Steve Jardine Show – BBC Radio Scotland
I was asked to comment on an initiative currently being piloted in North Lanarkshire as part of the 365 Programme of providing a cooked meal not only during the school day but at weekends and holidays as well via breakfast groups and lunch clubs. Scottish Parliament voted in support of this, recognising that children are enduring weekend and holiday hunger and that the pressure on food banks increases especially in holidays. This is in line with the National School Lunches programme and is supported by a finding by a recent NUT England research that 80% of children have poor eating/nutrition in school holidays.
On a commonsense level eating a healthy, balanced and consistent diet is key to physical health and wellbeing but perhaps less obvious is the essential role this plays in supporting the brain’s health and optimal function. Children and young people must be provided with the right balance and quantity of nutrition in order to support the brain’s role in mood regulation, behaviour, attention, reason, decision making and planning, memory and recall and without it problems can arise affecting behaviour, learning and general wellbeing. The links with poor eating and nutrition and increased rates of depression and anxiety and other mental health, emotional and social difficulties are being made increasingly too.
As a psychologist I’m aware that food and eating are significant and loaded subjects. One of my favourite theorists, Maslow, places food at the foundation level of his ‘hierarchy of needs’ and along with other core needs like shelter and protection recognises that this supports and makes possible the actualisation of higher order needs such as cognition, learning and social and emotional development and function. Again, it is obvious that children and schools are going to work better if you get this basic building block sorted. Then there is the emotionally loaded nature of food and eating, which any psychodynamically-oriented psychologist/therapist so often translates food as love/self-worth/self-esteem etc.
Schools are well placed to support children’s healthy eating but how far should they go? When I was at school many decades ago the system for providing free school lunches was a crude one in that many children suffered social stigmatisation. I remember dreading Monday mornings when children, including me, whose parents’ incomes qualified them for free lunches would have to line up outside the school office in order to collect their vouchers and handing these over to the dinner ladies before being served was a source of shame and feeling somehow inferior. Over the years schools have developed more sensitive systems for ensuring children in need receive a midday meal without identifying them so obviously to their peers but it is still an issue of which staff must be aware if children with less than ideal family means are not to have their existing challenges exacerbated.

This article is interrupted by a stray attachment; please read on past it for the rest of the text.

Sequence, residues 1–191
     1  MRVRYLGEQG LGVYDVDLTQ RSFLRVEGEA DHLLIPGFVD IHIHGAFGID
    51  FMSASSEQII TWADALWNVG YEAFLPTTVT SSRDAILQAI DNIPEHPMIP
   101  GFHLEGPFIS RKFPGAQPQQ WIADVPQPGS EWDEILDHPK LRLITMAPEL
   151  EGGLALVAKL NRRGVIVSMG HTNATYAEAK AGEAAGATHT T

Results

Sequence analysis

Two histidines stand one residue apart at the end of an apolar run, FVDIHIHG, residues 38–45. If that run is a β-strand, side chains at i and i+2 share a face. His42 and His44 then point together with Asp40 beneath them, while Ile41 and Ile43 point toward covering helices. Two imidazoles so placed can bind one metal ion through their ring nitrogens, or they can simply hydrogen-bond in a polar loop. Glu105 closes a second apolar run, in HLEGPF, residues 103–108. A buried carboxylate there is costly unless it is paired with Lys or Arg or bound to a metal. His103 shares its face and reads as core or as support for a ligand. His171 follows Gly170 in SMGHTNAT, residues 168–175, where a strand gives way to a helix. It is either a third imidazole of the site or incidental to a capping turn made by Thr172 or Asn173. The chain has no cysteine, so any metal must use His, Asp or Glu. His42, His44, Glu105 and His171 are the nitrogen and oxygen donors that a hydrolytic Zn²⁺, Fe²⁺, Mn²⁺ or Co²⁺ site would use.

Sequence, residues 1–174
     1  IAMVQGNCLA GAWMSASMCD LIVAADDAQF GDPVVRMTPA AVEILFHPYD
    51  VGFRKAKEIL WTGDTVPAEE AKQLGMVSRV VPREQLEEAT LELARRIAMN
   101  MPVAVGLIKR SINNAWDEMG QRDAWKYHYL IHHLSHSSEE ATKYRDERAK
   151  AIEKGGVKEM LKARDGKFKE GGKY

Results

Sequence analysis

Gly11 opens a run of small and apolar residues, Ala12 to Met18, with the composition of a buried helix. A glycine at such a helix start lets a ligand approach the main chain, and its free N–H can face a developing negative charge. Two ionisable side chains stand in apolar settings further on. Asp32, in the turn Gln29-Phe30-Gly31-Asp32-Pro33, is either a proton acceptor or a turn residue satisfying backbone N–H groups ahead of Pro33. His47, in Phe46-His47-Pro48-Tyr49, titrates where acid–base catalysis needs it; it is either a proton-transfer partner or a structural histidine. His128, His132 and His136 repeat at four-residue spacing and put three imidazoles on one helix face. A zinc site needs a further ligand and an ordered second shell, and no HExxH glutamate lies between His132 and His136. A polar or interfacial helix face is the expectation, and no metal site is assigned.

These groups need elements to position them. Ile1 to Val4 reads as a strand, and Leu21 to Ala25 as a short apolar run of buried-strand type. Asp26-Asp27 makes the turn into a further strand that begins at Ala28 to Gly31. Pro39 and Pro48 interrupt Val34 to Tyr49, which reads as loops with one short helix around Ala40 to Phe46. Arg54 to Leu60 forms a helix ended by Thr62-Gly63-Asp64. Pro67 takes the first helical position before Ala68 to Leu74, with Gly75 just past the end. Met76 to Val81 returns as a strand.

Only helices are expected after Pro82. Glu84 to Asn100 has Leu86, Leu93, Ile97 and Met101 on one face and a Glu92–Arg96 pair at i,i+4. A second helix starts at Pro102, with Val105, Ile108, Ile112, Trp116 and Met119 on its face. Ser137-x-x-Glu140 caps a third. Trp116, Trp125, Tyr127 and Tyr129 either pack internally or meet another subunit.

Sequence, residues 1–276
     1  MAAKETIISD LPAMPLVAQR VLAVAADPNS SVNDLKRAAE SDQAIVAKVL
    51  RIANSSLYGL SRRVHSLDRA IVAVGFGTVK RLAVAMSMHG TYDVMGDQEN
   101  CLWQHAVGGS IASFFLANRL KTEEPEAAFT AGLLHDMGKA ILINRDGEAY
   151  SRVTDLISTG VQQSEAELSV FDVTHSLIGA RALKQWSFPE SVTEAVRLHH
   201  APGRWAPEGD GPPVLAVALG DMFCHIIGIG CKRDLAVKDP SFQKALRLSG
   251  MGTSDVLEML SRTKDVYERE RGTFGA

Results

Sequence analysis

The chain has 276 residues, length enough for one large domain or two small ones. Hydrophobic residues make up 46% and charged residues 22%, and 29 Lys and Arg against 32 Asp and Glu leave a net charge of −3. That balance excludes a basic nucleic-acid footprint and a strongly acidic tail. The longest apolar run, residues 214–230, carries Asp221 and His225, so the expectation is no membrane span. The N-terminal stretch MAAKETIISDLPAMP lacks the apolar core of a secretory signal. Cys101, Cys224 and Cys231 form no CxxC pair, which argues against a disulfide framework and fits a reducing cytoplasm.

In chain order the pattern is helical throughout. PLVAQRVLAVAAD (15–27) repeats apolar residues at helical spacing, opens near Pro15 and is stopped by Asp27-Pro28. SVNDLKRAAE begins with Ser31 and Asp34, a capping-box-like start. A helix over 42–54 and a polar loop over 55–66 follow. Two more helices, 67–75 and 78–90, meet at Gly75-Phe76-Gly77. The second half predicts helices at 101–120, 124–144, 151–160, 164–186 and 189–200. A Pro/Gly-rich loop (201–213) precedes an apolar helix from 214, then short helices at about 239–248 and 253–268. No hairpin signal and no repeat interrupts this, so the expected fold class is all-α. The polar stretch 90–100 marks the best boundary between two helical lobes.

Cross-cultural studies often provide ideas and different perspectives in addressing social issues and in the programme to which I was contributing two journalists talked about how school children in their countries fared. In France a relatively small proportion of children receive free school meals and parents pay a modest amount of about 3 .3 Euros for a three/four course meal and every school-aged child in France should be provided with a daily piece of fresh fruit. The journalist added that there is no such thing as ‘kiddy’ food as children and adults eat the same high quality, well cooked and presented food. In addition, schools are required to allow at least 45 minutes for children to consume their meal. In Sweden their 1997 Education Act had resulted in legislation, policy and provision ensuring that all 7 to 16 year olds, irrespective of family income, received free meals so the dangers of social stigma were eliminated. In addition they engaged in something loftily titled ‘the pedagogic lunch’, which in plain language means that teachers and pupils eat together as a matter of course and in this way children learn from their adult teachers and school staff models how to eat well.
Interestingly, in this short radio piece the topic of celebrity campaigners such as Jamie Oliver didn’t come up. It’s not that I don’t think he and others don’t do great work in raising people’s awareness of the importance of healthy eating and good nutrition but I do think that the celebrity and media banner can, if you’ll forgive the pun, be hard to swallow for regular, non-celebrity people. Most parents are aware, in my experience, of the importance of regular, consistent, healthy and balanced meals for their children so will welcome the support schools, Local Authorities and Government offer.